There are 2 ways to learn how to cook. The easy and quick way and the hard and long way.
Let’s start with the easy path…
The easy way is quite simple and all of us have used it at one time or another: go to Google, type
“Veal Parmigiana recipe” in the search engine and Google will drop a gazillion recipes from
websites all claiming to have found the best recipe for veal parmigiana, all rated 4.5 stars and
You click on one of the links and voilà! Simply follow the instructions, step-by-step and you are
guaranteed the perfectissimo veal parmigiana.
Sinple, easy, works every time… if you follow the instructions.
But what if one of your guests is allergic to eggs? How will you get the bread crumbs to stick to
the veal cutlets without using eggs? Or what about if someone has coeliac disease and bread
crumbs are not an option? I promise that if you follow the recipe step-by-step the only thing it
will guarantee is a disaster and a trip to the emergency room!
Now for the hard way…
Learning how to cook the long and hard way will have you understand the properties of various
ingredients used in cooking. You will start by also understanding what cooking, baking, frying,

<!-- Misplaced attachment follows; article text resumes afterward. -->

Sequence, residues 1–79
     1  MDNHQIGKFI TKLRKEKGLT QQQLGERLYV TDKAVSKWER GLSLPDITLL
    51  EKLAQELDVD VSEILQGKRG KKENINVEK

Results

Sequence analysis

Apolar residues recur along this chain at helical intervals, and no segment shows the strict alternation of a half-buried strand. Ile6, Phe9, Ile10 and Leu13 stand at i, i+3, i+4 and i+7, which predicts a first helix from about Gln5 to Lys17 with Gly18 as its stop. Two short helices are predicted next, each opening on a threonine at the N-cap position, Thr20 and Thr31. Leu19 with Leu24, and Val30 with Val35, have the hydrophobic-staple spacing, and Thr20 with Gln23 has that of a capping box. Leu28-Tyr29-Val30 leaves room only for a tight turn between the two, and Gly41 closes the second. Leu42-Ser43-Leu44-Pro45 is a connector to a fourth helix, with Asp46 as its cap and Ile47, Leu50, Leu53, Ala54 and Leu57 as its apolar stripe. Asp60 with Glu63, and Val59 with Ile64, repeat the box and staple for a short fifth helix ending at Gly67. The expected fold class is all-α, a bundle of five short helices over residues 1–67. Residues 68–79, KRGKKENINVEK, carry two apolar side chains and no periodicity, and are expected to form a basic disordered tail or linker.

boiling do to the chemical components in foods. Why do we brown meat before we braise it?
Why sauté onions in olive oil or butter when making soup? What is it about eggs and bread
crumbs that make them perfect for veal parmigiana?
Once you master the techniques and the ingredients, then following, adjusting or adapting any
recipe is child’s play. Well almost. As a matter of fact, the beauty of it is that you can start
making your own creations and recipes.
Project Management training works in very much the same way.
Yes, there are pre-built recipes and yes these can be tailored to suit specific needs. Prince2,
Macroscope, Scrum, Safe, XP, DevOps are all such recipes one can research, download or
otherwise acquire but they often fail to work out-of-the box. In project management as in
cooking, the difference between an ordinary cook and a great chef is how well one masters the
ingredients, the techniques, the tools and knows how to combine them in the best of ways to
create something unique and delicious under given circumstances.
Our approach at PMC to project management training has very much been along those lines.
Each problem we face has one or many solutions. Your projects have a nasty habit of not
finishing on time? Critical Path, Timeboxing and Kanban can each help you get better results.
You lack the authority to drive your team? Create a well-designed project charter and have it
signed off by your sponsor. Worried that your project is high risk? Consider iterative and
incremental deliveries. And make sure all the pieces fit together and complement each other
otherwise the result might leave a bad taste in your mouth.
Learn how to manage projects not by simply following a recipe but by mastering the ingredients
and the techniques and you will be on your way to better and faster projects.